1,000s of animals die in se­cret mil­i­tary tests


THOU­SANDS of animals have been killed in a topse­cret mil­i­tary re­search pro­gramme.

In a series of con­tro­ver­sial ex­per­i­ments, sci­en­tists blasted pigs with ex­plo­sives, in­fected mon­keys with bi­o­log­i­cal weapons and poi­soned guinea pigs with nerve gas.

All the tests were car­ried out at the De­fence Science and Technology Lab­o­ra­tory (DSTL) at Por­ton Down in Wilt­shire.

A Free­dom of In­for­ma­tion re­quest re­veals that 73 mon­keys, 27 pigs, 126 guinea pigs, 3,400 mice and 240 rats were killed in mil­i­tary tests in 2017.

But over the last 10 years more than 100,000 animals have died in­side the weapons lab­o­ra­tory.

The animals killed last year were used in a va­ri­ety of tests in which they were shot, blown up, gassed and poi­soned with chem­i­cal and bi­o­log­i­cal agents as part of the Min­istry of De­fence’s se­cret weapons re­search pro­gramme.

The Gov­ern­ment main­tains the tests are vi­tal to pro­tect troops from weapons which could be used against Bri­tish forces.

But an­i­mal rights cam­paign­ers claim the ex­per­i­ments are un­nec­es­sary and the num­bers be­ing killed are “alarm­ing”.

Most of the pigs were killed in ex­plo­sive tests as part of a re­search pro­gramme to develop more ef­fec­tive body ar­mour for troops serv­ing in Iraq and Afghanistan, where im­pro­vised ex­plo­sive de­vices have killed hun­dreds of ser­vice­men and women.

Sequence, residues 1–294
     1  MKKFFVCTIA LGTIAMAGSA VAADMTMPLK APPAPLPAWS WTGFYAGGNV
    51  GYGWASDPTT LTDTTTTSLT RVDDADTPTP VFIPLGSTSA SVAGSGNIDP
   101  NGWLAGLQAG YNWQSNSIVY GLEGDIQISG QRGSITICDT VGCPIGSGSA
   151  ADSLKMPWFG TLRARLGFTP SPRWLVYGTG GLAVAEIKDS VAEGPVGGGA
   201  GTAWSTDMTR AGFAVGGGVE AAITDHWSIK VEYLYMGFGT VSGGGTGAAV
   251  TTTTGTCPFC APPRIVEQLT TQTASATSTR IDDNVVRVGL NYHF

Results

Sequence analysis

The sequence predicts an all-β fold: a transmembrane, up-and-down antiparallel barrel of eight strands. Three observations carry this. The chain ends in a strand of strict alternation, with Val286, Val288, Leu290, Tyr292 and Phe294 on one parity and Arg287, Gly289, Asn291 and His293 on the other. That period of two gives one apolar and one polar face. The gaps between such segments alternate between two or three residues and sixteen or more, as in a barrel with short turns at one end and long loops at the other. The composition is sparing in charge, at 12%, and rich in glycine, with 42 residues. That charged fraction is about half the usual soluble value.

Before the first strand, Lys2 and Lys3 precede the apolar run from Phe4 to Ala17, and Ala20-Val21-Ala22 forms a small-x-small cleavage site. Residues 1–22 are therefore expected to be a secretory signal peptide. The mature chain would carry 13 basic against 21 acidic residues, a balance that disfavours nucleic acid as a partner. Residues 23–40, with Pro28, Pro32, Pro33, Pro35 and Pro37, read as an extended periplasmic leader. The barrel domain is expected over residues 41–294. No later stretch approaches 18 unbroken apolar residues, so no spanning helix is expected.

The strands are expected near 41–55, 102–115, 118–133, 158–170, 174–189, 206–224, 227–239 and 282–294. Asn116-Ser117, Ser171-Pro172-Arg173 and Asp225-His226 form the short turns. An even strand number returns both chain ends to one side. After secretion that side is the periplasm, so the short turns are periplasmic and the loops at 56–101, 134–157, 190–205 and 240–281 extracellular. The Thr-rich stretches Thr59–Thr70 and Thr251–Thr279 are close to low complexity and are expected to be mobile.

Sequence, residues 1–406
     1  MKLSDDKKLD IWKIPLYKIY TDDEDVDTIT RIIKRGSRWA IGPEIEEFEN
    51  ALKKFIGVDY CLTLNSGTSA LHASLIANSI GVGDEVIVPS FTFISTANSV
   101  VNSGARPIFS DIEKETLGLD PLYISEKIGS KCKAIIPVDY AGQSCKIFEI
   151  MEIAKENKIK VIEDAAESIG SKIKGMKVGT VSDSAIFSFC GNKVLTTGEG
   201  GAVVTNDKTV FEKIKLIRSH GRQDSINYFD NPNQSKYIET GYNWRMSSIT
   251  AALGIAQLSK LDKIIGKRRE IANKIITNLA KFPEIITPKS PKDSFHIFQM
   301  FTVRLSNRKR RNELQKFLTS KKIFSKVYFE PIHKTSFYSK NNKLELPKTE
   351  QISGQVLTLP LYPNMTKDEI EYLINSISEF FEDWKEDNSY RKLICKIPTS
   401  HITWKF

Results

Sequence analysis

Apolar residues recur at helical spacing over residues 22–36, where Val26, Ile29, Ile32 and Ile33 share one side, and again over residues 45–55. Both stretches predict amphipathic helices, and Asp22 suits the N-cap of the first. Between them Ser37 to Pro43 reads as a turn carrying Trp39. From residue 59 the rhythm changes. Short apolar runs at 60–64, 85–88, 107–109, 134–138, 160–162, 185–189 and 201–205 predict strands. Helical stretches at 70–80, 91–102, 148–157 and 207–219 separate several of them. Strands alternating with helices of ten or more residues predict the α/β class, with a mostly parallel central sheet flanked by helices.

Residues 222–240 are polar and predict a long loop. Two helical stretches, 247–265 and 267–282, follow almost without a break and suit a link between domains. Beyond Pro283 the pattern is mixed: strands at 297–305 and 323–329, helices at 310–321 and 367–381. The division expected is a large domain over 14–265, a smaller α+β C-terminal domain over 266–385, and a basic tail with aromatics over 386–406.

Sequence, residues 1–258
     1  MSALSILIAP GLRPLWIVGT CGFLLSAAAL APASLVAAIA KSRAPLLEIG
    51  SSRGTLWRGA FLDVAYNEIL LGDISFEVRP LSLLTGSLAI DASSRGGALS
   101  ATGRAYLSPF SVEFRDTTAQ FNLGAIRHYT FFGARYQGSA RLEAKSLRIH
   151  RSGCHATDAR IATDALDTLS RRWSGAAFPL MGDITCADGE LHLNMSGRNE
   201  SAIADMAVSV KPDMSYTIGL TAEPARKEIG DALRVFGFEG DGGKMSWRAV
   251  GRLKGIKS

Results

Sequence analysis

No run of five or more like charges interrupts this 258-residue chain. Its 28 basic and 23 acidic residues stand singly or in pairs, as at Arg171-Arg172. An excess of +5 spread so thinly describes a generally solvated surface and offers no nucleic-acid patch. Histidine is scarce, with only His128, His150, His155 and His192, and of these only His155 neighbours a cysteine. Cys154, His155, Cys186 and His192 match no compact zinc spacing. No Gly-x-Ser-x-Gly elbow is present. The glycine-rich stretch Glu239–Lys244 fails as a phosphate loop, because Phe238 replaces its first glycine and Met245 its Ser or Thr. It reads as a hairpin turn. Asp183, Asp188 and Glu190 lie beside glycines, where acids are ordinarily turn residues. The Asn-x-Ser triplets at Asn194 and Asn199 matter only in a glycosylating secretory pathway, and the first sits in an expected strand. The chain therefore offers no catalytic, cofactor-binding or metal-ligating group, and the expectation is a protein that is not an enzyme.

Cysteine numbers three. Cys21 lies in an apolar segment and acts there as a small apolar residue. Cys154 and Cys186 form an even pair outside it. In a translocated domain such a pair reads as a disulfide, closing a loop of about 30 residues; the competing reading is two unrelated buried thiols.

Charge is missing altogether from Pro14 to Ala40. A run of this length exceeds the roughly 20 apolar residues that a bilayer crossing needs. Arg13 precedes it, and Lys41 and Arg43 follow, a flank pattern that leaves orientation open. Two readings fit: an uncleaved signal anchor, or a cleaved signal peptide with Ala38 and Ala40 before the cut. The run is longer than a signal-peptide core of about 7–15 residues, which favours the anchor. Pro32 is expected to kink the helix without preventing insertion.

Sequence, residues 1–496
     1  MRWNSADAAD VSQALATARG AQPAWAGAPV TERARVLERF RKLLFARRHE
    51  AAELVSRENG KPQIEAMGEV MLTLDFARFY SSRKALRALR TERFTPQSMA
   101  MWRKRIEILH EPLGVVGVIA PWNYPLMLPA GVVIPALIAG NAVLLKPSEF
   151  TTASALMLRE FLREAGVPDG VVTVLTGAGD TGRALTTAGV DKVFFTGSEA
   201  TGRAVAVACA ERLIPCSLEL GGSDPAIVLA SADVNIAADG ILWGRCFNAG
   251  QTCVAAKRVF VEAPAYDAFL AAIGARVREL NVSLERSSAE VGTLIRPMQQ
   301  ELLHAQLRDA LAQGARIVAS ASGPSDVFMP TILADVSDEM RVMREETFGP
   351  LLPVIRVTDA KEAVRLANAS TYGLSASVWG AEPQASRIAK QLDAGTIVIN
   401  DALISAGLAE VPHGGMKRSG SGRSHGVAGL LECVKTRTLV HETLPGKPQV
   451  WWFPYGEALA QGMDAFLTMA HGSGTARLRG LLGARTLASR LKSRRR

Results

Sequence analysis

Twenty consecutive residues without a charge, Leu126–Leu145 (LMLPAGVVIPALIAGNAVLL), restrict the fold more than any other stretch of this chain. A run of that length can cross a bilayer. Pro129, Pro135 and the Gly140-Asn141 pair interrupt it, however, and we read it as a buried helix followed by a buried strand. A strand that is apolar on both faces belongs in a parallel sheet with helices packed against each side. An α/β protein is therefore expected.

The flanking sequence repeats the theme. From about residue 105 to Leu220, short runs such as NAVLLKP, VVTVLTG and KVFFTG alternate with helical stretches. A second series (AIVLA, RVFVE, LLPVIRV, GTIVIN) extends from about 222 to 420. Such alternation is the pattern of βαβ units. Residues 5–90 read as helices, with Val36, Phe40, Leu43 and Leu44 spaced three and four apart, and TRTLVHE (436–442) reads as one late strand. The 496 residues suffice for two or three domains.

Pigs were wrapped in body ar­mour ma­te­rial be­fore be­ing se­ri­ously in­jured or killed by ex­plo­sives. Af­ter the tests were com­pleted, sci­en­tists then stud­ied the animals to as­sess which or­gans CAGED: 73 mon­keys died in 2017

had been dam­aged and which were pro­tected.

In other tests, mon­keys were in­jected with an­thrax or chem­i­cal agents in­clud­ing Sarin, while sci­en­tists recorded the lev­els of pain ex­pe­ri­enced by the animals and how long they took to die.

Other animals were forced to in­hale mus­tard gas, which burns the lungs and causes huge blis­ters on the skin.

The animals die when their lungs fill with fluid caused by the break­down of tis­sue.

The an­i­mal rights pres­sure group, Peo­ple for the Eth­i­cal Treat­ment of Animals (PETA), said: “These fig­ures are alarm­ing and fur­ther prove the MoD is sadly be­hind the times by con­tin­u­ing cruel and wasteful ex­per­i­ments on animals when superior, hu­mane re­search tech­nolo­gies ex­ist.” The spokesman said the Bri­tish armed forces were among a small mi­nor­ity of NATO mil­i­taries which still have staff do­ing trauma train­ing drills in which live animals are shot and cut apart.

He said more than 80% of our NATO al­lies now opt to use non-an­i­mal meth­ods.

He added: “Un­for­tu­nately, for animals, there are no Geneva Con­ven­tions and no peace treaties – just our mercy.” A spokesman for the MoD said: “DSTL’s pur­pose is to max­imise the im­pact of science and technology for the de­fence and se­cu­rity of the UK.

“As part of this, we develop and cre­ate bat­tle-win­ning technology and pro­tec­tion equip­ment for UK forces and gov­ern­ment.

“Our role in help­ing pro­tect the UK and its armed forces re­quires us to an­swer ques­tions and develop so­lu­tions to prob­lems that can­not cur­rently be ad­dressed with­out the use of animals in re­search.”

■ DOOMED: Pigs are among animals be­ing tested

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